With health care reform, I am sure that if my daughter (who has an ED) loses or quits her job, she could manage until 2014 even if she can't get another job with group coverage. She'd have cobra, then she could be listed under my husband's policy until he gets medicare in a couple of years, then she'd have a 3-year cobra. I am so grateful that I don't have to worry any more that she will be uninsurable.

M said...

Insurance is so hard do deal with :( and it's so frustrating! I'm sorry for you and the rest of us who have had to deal with problems like these, but I'm really glad VA came up with that plan so that you are okay, at least for now.

Have you heard about ProjectHEAL? I love their idea...I just wish more companies would GET IT.

http://theprojectheal.org/The_Project_HEAL/Welcome.html

Kim said...

This is a very emotional subject for me. I decided to freelance a few years back but I was "uninsurable." That pretty much squashed the freelance thing. I think I like a regular job anyway, so it worked out...but I still get furious about insurance issues. I feel like I'll never be able to get insurance unless it's through an employer. To insurance companies, anorexia is the scarlet letter 'A.'

Harriet said...

I've thought about this for my own daughter so often. I've been told by agents that she would never be able to get coverage for the rest of her life because of the anorexia. That's unreal to me. But then again I think insurance is basically a shell game anyway.

The whole freelance thing has been a huge factor in my life too. While I have never had an eating disorder I've had other stuff (anxiety and depression) that would render me uninsurable. Frankly, who hasn't had something? That's why I went back to full-time work seven years ago. And while I'm glad I landed where I am now, I spent a miserable few years doing stuff I really didn't want to do, just to get the insurance.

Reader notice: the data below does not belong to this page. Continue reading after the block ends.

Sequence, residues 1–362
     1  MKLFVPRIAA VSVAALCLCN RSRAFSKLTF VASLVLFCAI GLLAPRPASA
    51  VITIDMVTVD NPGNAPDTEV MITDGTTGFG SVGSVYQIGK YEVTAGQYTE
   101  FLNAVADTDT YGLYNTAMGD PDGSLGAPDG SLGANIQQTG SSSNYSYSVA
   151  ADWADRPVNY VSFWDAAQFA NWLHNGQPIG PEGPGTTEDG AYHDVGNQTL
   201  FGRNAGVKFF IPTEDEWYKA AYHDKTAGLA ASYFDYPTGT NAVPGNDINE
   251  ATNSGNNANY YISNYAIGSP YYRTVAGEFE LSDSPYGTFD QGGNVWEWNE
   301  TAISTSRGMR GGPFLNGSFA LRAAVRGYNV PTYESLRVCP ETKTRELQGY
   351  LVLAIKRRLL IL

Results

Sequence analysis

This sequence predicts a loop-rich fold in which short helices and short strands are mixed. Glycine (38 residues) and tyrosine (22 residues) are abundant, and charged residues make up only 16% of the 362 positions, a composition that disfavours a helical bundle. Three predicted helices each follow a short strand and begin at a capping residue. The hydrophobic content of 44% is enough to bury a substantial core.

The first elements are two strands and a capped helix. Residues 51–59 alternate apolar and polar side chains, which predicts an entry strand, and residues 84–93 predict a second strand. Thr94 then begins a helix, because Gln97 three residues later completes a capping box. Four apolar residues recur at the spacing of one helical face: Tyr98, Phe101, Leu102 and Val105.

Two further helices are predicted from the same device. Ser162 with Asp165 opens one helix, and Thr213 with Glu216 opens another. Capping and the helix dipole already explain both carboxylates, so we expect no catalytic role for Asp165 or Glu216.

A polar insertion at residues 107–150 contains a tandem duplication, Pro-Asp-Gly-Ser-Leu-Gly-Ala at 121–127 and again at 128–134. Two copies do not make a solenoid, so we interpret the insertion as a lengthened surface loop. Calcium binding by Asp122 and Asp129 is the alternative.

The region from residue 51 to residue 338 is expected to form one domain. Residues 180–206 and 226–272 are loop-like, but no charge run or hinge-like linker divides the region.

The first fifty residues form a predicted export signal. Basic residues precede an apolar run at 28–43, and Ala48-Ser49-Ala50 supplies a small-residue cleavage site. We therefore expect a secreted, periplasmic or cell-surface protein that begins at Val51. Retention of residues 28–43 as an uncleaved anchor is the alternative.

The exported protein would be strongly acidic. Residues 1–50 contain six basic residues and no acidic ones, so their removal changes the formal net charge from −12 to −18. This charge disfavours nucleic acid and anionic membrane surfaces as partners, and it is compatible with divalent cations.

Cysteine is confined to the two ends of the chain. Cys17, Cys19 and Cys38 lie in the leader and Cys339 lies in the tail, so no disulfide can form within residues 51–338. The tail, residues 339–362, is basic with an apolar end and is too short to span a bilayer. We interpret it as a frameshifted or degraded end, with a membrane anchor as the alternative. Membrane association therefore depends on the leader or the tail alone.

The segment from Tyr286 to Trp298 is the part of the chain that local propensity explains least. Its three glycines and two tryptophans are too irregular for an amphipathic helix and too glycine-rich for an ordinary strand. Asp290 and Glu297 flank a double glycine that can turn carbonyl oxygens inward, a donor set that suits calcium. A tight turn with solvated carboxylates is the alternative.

I'm glad you're going to be able to work out a solution, and follow your dream.

James Clayton said...

Interesting and good to hear that there's hope for sufferers. The idea of being ill and forced pay for it (buying wellbeing) is bizarre.

In the UK at the moment it's hugely worrying that we appear to be going in the opposite direction of the US. I have huge concerns that in under a generation there will be a huge number of 'untouchable' people unable to get employment or insurance.

KC said...

Really glad you get health insurance! This is a huge issue and one many people are able to overlook (people with health insurance, that is). I have been unable to get health insurance for 4 years and finally will have it soon! I'm thrilled! But it's been very scary at times. People have pointed me toward low cost, no insurance options, etc. -- and trust me, I've pursued them all, but at the end I could never jump through all the hoops to get actual care. There's always a catch (often being, you can pay-out-of-pocket to see the doctor for a lower fee, but you can't order the needed tests). It is scary and sad to me that we live in a country where people with eating disorders cannot get basic medical care. Very glad you have found a way to follow your dream and take care of yourself.

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I'm a science writer, a jewelry design artist, a bookworm, a complete geek, and mom to a wonderful kitty. I am also recovering from a decade-plus battle with anorexia nervosa. I believe that complete recovery is possible, and that the first step along that path is full nutrition.

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Have any questions or comments about this blog? Feel free to email me at carrie@edbites.com



nour·ish: (v); to sustain with food or nutriment; supply with what is necessary for life, health, and growth; to cherish, foster, keep alive; to strengthen, build up, or promote